HELENA – Montana Commissioner of Securities and Insurance Monica Lindeen announced today that following an extensive rate review process, her office has found the rates filed for health insurance in the individual and small-group marketplaces by Health Care Services Corp. (doing business as Blue Cross Blue Shield of Montana) to be unreasonable. This is the first time that such a finding has been issued.
Blue Cross initially proposed average rate increases of 65.4 percent for health insurance plans purchased in the individual marketplace. Following the intensive rate review process, which included public hearings in Helena and Billings, an analysis by an independent actuary and comments from the public, Blue Cross re-filed its rates with an average increase of 58.4 percent in the individual marketplace. It lowered its requested increase in small group rates from 32.3 percent to 28.9 percent.
Lindeen said the decrease in Blue Cross’ filed rates did not adequately address her concerns and that its overall rate increases in the individual and small-group marketplaces were still unreasonable. Blue Cross has challenged that finding.
“We took a good hard look at Blue Cross Blue Shield’s financial data and found that these increases were simply not reasonable,” Lindeen said. “Our insurers need to charge premiums high enough to pay all their claims and stay in business, but some of Blue Cross’ rates for 2017 go beyond that goal. It is Montana workers and families who will pay the price if they cannot find more affordable plans.”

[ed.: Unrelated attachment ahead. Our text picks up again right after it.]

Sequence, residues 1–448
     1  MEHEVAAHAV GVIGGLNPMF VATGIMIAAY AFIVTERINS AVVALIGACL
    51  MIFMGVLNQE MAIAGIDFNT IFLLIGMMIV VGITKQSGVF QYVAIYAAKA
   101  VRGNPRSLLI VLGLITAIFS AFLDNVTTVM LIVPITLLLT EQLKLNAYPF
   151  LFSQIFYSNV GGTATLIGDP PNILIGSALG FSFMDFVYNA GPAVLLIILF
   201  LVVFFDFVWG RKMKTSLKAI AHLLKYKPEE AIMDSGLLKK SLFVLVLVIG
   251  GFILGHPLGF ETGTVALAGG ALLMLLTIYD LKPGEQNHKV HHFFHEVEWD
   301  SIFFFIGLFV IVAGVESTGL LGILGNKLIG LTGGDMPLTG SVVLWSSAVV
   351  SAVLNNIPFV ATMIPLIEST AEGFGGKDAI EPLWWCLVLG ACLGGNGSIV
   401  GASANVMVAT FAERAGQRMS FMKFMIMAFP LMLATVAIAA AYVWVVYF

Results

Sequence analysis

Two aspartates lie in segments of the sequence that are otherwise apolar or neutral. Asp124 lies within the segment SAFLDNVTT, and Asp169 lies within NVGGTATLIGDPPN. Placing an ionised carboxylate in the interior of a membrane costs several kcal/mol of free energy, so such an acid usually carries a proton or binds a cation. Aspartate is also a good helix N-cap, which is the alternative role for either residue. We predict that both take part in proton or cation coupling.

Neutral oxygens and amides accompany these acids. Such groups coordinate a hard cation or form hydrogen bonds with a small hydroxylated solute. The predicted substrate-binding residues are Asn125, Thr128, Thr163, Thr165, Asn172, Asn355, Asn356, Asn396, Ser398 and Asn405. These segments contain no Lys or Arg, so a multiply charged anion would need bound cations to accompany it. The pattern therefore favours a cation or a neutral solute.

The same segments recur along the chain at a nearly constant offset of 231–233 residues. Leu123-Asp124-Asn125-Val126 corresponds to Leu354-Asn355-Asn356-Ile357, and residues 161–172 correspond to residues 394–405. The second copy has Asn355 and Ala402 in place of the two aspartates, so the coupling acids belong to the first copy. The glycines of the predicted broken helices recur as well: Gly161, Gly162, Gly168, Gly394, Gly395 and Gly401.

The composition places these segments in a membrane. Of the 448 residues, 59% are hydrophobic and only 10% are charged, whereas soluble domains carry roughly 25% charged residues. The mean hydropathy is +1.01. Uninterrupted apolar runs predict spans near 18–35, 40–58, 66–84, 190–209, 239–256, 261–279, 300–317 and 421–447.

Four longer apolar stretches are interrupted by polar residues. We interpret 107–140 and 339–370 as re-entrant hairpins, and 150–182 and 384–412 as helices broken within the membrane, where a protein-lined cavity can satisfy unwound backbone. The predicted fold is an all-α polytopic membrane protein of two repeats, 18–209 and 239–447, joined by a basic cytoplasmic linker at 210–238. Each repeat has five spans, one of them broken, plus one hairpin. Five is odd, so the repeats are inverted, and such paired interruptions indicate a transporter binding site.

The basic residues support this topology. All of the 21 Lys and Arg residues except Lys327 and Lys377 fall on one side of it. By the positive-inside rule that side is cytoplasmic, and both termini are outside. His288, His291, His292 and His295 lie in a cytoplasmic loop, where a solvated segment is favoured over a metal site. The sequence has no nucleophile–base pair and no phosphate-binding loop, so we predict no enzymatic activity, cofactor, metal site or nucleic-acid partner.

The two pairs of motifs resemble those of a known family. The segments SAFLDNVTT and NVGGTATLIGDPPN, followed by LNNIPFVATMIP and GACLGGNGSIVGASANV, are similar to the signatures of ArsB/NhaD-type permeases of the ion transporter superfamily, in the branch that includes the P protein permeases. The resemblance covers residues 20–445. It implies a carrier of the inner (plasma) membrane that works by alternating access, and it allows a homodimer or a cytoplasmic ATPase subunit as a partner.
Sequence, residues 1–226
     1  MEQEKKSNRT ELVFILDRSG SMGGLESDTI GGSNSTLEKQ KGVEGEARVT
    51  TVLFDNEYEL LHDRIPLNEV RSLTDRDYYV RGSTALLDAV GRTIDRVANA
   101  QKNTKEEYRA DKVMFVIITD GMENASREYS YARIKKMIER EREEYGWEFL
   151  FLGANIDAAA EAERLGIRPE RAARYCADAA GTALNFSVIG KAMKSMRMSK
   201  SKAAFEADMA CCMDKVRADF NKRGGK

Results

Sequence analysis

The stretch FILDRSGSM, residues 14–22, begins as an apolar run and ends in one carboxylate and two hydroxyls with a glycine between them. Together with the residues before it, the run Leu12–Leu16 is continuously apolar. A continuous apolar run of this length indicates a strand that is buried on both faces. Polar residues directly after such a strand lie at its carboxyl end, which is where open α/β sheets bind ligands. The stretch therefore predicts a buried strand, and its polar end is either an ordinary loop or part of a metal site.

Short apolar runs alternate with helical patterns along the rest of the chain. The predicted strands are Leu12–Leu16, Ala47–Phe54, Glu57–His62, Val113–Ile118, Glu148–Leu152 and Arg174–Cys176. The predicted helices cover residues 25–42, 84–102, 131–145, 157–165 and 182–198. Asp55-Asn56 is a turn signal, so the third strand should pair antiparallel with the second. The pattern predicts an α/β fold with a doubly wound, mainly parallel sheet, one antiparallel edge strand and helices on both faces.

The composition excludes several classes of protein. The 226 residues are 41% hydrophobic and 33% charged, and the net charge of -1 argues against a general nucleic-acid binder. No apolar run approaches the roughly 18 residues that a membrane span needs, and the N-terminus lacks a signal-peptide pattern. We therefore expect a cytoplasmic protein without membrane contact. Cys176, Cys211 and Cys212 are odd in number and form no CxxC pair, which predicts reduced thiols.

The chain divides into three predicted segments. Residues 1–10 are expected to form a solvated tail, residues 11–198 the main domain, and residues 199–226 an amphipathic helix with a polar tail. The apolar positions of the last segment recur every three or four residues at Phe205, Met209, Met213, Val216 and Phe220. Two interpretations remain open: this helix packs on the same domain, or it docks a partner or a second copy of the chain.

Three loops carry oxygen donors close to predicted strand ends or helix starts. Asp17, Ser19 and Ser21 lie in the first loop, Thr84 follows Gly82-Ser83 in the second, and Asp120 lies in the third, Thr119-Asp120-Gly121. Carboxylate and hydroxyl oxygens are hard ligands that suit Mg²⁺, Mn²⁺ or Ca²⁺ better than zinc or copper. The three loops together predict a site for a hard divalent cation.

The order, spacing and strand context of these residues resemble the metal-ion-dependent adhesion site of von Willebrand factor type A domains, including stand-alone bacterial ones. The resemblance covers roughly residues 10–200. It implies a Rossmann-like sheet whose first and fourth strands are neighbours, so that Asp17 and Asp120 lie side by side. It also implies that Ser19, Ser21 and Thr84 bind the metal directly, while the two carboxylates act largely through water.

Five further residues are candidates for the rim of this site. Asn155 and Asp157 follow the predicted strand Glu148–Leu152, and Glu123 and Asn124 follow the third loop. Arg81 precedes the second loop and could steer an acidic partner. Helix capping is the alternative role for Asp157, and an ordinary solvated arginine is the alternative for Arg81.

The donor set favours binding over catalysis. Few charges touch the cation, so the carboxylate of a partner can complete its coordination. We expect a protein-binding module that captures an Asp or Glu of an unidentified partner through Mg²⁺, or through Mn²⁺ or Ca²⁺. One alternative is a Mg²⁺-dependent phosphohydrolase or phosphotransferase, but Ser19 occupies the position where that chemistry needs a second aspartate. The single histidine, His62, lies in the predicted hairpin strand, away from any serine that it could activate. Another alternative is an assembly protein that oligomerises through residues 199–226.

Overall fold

The details that outline the finding of unreasonable rate increase were provided to Blue Cross on August 19. Under Montana law, Blue Cross has 30 days to respond to the notice during which the details of the finding remain confidential. CSI asked Blue Cross to waive the 30-day confidentiality period, but Blue Cross denied the request. The details of the finding will be public on September 19.
About 80 percent of Montanans in the individual marketplace receive tax credits to offset the cost of premiums. Those who receive tax credits may not see major increases, even with plans that are raising their rates the most. But for the approximately 35,000 Montanans who earn too much for the tax credit, the rate increases could present serious financial challenges.
The other two major health insurers in the individual and small-group marketplaces have filed rates with lower increases. The average rate increases for the Montana Health COOP are 30.7 percent in the individual marketplace and 2 percent in the small-group marketplace. For Pacific Source, the average rate increase is 27.6 percent in the individual marketplace and 6.4 percent in the small-group marketplace.
Lindeen encourages Montanans facing large rate increases in the individual marketplace to shop around during the open enrollment period for 2017 plans. Open enrollment begins November 1. Montanans can check their eligibility for premium tax credits and cost sharing reductions at www.healthcare.gov.
The Montana Legislature passed the law creating the rate review process in 2013. The Commissioner of Securities and Insurance has the ability to conduct a review of the insurers’ proposed rates, bringing transparency and accountability to the process, but the Commissioner does not have the authority to reject rates. The finding of “unreasonable rate increase” will be posted on the Commissioner’s website (www.csimt.gov), on federal websites and on the insurer’s own website. These findings provide consumers with additional information to consider when they make their health insurance decisions.
The final individual and small-market rates are below.
- Blue Cross Blue Shield
- 2017 Individual Rates (Multi-State)
- 2017 Small Group Marketplace Rates